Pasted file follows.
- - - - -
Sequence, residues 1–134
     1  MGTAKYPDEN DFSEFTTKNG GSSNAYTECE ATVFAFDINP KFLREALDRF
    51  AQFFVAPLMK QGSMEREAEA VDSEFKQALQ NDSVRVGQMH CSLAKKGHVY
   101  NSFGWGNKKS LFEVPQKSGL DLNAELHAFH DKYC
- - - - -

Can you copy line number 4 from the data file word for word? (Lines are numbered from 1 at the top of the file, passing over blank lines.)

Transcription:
   101  NSFGWGNKKS LFEVPQKSGL DLNAELHAFH DKYC